New Jersey Counties: First Wall Maps and Atlases
|Founded: 1748, from Salem County|
|Total Area: 678 square miles|
|Population: 22,605 (1860); 156,898 (2010)|
|County Seat: Bridgeton|
|Largest City: Vineland|
1862: County Wall Map
First wall map of Cumberland County. Yellow, green, blue, pink, and orange border colors identify ten townships: Bridgeton, Cohansey, Deerfield, Downe, Fairfield, Greenwich, Hopewell, Maurice River, Millville, and Stow Creek. (Cohansey only existed in the county from 1848 to 1865. Incorporated on March 1, 1865, Bridgeton City replaced both Cohansey and Bridgeton townships.) Around the sides of the map are eighteen insets of town plans (_in clockwise order from top left_): Port Elizabeth, Vineland, Dorchester, Greenwich, Newport, Heislerville, Roadstown, Millville (25 rods to 1 inch), Fairton, Maurice Town, Leesburg, Cedarville, Bricksboro, Dividing Creek, Shiloh, Marshallville, Bridgeton (22.5 rods to 1 inch), and Manamuskin Manor. Most of these include a business directory. Similar to the other county maps, numerous Civil War–era landowners are named and located. In addition, there are four engravings of buildings: the private home of Millville resident Furman L. Mulford (Millville's banker), Millville's public schoolhouse, and Bridgeton's courthouse and West Jersey Academy.
Significant wetlands follow the Delaware River along the county's southern border of the map. Much of Maurice River Township appears vacant and undisturbed, owing to the extensive forests of the Pine Barrens. Bear Swamp in Downe Township is notable today for its old-growth forests; it is home to the state's oldest continuously occupied Bald Eagle nest. A series of man-made dams—from earthen in the 1860s to cement in the 1980s—has turned Union Mill Pond in Millville Township into Union Lake, the largest in southern New Jersey, surrounded by one of the state's largest wildlife management areas.
1876: County Atlas
First atlas of Cumberland County. The volume contains a map of the United States, a state map of New Jersey, a map of Cumberland County, eleven township maps, and an additional twenty-two maps of cities, towns, and villages. More than forty lithographic views of residences, farms, businesses, and public buildings provide a graphic identity to the period. County officers and governors of New Jersey are listed, followed by a history of Cumberland County and historical sketches of townships. At the back of the volume is a business directory that provides, by township, the name, date of settlement in the county, nativity, occupation/business, and location of the atlas's patrons.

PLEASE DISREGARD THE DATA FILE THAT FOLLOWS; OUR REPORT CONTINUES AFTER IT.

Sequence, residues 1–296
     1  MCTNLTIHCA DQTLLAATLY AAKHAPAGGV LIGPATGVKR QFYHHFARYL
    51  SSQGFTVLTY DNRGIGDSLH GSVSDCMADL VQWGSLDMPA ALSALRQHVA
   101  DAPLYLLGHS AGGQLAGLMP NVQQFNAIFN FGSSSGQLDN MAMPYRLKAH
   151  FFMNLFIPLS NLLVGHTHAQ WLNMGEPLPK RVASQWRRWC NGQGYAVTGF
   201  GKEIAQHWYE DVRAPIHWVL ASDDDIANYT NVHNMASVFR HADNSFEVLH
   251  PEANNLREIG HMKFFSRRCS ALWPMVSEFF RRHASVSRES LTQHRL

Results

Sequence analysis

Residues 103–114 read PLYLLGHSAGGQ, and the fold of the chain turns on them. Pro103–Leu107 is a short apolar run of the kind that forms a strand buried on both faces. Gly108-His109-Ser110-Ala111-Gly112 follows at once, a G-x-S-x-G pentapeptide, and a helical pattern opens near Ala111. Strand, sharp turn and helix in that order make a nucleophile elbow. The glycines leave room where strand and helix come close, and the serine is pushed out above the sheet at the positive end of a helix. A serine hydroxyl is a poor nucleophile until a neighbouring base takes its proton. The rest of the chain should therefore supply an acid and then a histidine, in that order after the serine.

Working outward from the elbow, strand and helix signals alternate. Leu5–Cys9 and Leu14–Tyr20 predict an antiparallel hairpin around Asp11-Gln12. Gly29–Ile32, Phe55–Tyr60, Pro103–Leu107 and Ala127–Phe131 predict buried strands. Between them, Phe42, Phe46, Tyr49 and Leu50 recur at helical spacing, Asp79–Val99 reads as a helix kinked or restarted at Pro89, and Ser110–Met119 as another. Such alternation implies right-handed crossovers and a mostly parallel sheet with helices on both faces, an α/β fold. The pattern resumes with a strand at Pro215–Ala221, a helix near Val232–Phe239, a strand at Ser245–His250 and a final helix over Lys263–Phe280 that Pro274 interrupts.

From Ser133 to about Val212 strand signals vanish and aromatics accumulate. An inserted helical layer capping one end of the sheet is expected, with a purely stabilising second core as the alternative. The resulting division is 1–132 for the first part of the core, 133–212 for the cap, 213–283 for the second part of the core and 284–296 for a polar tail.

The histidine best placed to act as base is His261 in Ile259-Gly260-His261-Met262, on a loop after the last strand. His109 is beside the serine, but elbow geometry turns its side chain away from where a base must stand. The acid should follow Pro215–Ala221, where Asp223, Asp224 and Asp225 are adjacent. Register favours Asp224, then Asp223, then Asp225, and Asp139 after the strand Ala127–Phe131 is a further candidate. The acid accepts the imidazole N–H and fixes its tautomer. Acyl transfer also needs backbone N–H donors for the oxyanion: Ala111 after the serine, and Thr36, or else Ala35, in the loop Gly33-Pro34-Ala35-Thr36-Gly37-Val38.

Townships, now numbering eleven, are colored green, yellow, pink, or orange: Bridgeton, Commercial, Deerfield, Downe, Fairfield, Greenwich, Hopewell, Landis, Maurice River, Millville, and Stow. (Commercial was incorporated in 1874 from parts of Downe Township.) The large numbers (such as "8," "25," "21") simply refer to the pages of the related, more detailed maps.
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Stow Creek was one of the original six townships when the county was founded in 1748.
1834: Stow Creek t-ship . . . area, 10,240 acres; surface, partly level, partly rolling; soil, clay, loam, sand, and gravel. Population in 1830, 791. In 1832, the t-ship contained 170 taxables, 21 householders, whose ratables did not exceed $30; 4 grist mills, 1 saw mill, 198 horses and 557 cattle, above the age of 3 years, 1 store; and paid road tax, $200; state and county, $437.81. Newport creek forms the boundary between this and Greenwich t-ship [Gordon, p. 244].
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At the time of the map, the town boasted nine general stores, a hotel, a large town hall, and four churches (two Presbyterian, one Baptist, and one Methodist). According to the key, at the center of Main and Commerce Streets is an establishment that serves as a store, post office, harness shop, and restaurant.
1834: Cedarville, p-t. of Fairfield t-ship, Cumberland co., pleasantly situated on Cedar creek, at the head of navigation, about 4 miles from the mouth of the creek . . . contains about 60 dwellings, a store, and tavern, grist and saw mill, and an extensive button manufactory. The country about it is sandy and poor; but the lots in the village are carefully cultivated and productive. Trade, wood and lumber. Inhabitants, 375 [Gordon, p. 119].